When Abahai died (1643) several plotters approached Dorgon to persuade him to take over the throne, but he declined and had the plotters exposed. Since Abahai's son and successor, Emperor Shih-tsu (see under Fu-lin), was then only a child, Dorgon was made one of the two regents. After 1644, when the capital was moved to Peking, Dorgon (as his biography shows) had behind him many military successes in China and gradually attained to a controlling power in the government. In 1650, at the height of his power, he conferred on his mother the posthumous name, Hsiao-lieh Wu Huang-hou, and entered her name in the Imperial Ancestral Hall. He also ordered the officials in charge of the history of the dynasty to expunge from the Shih-lu the unfavorable references to her. Late in 1650 he died, and two months later was charged by a number of princes with many "crimes", among them alteration of the official history, and installation of his mother's name in the Imperial Ancestral Hall. He was also accused of having maligned the young Emperor by proclaiming that his father (Emperor T'ai-tsung) had usurped the throne from the rightful successor.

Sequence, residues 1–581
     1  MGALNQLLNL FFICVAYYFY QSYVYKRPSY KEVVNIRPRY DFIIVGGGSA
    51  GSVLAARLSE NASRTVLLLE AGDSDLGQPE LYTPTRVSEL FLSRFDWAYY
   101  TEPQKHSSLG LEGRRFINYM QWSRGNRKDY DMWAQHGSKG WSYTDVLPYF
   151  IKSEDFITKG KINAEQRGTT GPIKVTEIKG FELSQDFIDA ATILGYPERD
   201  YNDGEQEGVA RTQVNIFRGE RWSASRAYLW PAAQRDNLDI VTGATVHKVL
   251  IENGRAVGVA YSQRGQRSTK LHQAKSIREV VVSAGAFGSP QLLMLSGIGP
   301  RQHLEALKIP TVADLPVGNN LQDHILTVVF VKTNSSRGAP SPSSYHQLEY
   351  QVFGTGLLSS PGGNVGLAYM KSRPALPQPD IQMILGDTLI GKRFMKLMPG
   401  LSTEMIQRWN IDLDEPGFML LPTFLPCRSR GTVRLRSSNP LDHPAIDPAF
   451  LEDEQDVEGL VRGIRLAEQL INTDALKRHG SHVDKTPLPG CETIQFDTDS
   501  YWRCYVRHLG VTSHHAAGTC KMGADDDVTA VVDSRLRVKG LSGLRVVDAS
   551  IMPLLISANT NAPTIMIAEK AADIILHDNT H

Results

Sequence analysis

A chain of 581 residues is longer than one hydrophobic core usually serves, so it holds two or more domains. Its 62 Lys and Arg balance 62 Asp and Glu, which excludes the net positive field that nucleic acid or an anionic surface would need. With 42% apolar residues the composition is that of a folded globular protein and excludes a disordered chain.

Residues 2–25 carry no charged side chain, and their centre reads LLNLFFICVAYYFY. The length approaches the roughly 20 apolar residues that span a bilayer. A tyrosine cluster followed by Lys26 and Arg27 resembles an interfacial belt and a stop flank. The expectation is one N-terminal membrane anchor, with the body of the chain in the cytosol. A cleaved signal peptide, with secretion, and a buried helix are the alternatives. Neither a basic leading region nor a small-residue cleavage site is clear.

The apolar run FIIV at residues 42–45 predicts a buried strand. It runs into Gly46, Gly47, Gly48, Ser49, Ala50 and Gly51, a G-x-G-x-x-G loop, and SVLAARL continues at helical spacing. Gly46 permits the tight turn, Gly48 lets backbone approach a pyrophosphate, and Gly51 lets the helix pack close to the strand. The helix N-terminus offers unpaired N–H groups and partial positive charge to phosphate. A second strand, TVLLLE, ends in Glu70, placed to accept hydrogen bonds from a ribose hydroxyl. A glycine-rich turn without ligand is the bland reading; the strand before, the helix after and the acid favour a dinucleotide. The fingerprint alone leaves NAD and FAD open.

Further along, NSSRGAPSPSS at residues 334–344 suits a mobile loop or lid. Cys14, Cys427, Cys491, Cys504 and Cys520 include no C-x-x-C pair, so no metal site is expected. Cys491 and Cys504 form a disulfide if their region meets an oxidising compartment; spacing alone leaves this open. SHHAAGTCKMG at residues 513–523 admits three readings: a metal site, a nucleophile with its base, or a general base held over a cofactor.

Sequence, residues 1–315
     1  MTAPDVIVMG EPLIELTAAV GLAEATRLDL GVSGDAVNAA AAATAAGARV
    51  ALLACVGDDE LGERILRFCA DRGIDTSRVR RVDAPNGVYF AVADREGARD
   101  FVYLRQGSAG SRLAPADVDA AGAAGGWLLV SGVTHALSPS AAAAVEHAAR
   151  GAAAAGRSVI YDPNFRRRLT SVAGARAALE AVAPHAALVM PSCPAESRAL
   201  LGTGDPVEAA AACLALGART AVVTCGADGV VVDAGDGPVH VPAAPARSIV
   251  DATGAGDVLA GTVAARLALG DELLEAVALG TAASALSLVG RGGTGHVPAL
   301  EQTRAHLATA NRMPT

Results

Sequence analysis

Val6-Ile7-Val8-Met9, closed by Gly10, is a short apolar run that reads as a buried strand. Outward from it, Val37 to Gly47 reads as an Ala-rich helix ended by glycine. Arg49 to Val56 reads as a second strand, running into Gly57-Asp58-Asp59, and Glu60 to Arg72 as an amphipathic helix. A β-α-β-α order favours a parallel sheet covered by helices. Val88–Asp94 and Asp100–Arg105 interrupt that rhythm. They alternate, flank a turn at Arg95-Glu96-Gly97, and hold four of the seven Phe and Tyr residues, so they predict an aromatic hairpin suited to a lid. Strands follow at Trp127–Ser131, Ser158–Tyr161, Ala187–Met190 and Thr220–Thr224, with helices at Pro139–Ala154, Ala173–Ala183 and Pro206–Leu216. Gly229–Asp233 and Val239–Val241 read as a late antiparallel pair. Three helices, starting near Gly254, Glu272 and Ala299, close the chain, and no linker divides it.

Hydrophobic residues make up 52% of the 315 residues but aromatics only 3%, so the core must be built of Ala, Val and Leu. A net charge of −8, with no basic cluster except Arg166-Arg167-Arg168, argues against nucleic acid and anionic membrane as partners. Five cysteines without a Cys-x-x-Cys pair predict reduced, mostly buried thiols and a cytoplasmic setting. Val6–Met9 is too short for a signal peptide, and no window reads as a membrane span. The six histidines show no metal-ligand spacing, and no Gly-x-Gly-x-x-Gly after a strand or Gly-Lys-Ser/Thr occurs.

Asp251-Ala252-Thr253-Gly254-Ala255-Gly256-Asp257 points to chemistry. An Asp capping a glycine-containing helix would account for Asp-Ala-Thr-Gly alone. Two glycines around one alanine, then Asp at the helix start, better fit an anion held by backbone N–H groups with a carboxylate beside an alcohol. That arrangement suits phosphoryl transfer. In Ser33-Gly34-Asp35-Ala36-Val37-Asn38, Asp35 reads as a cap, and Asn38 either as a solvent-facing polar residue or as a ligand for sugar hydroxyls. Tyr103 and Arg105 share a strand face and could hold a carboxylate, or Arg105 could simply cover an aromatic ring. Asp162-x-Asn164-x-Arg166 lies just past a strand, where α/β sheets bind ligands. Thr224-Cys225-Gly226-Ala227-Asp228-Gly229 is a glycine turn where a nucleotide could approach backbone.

Following these accusations against Dorgon, and his posthumous disgrace, the honors conferred upon Empress Hsiao-lieh were revoked. The account of her in the Shih-lu of 1636, which Dorgon had expunged, was reinserted, but was altered in the final version of 1740 to make it appear that she had taken her life out of respect for her husband. Though the Shih-lu of 1636 spoke slightingly of her, it nevertheless gave her the Chinese designation Hou 后 (empress or queen) which was taken as the equivalent of the

earlier designation Ta Fujin. In the final version of 1740 she is referred to as Ta-fei 大妃, a title inferior to that of Hou. Thereafter all the wives of Nurhaci were designated fei (concubines of varying rank) and only Abahai's mother was spoken of as Empress (Hou).

[1/220/3b; Ch'ing lieh-ch'ao Hou-fei chuan-kao (see under Su-shun) shang 14b; Ch'ing T'ai-tsu (Nurhaci) Shih-lu (completed Dec. 11, 1636, printed 1932) 4/11b; id. revised edition (completed 1739, printed 1931) 10/79b; Ch'ing Huang-shih ssŭ-p'u (see under Fu-lung-an) 2/2b; 燃藜室記述 Jan-li shih chi-shu 27/3a; Naitō Torajirō 內藤虎次郎, 清朝初期の繼嗣問題 Shirin (史林) vol. VII, pp. 42–56; Fuchs, Walter, Der Tod der Kaiserin Abahai I. J. 1626, in Monumenta Serica, vol. I (1935–36), pp. 71-81.]

M. Jean Gates
Fang Chao-ying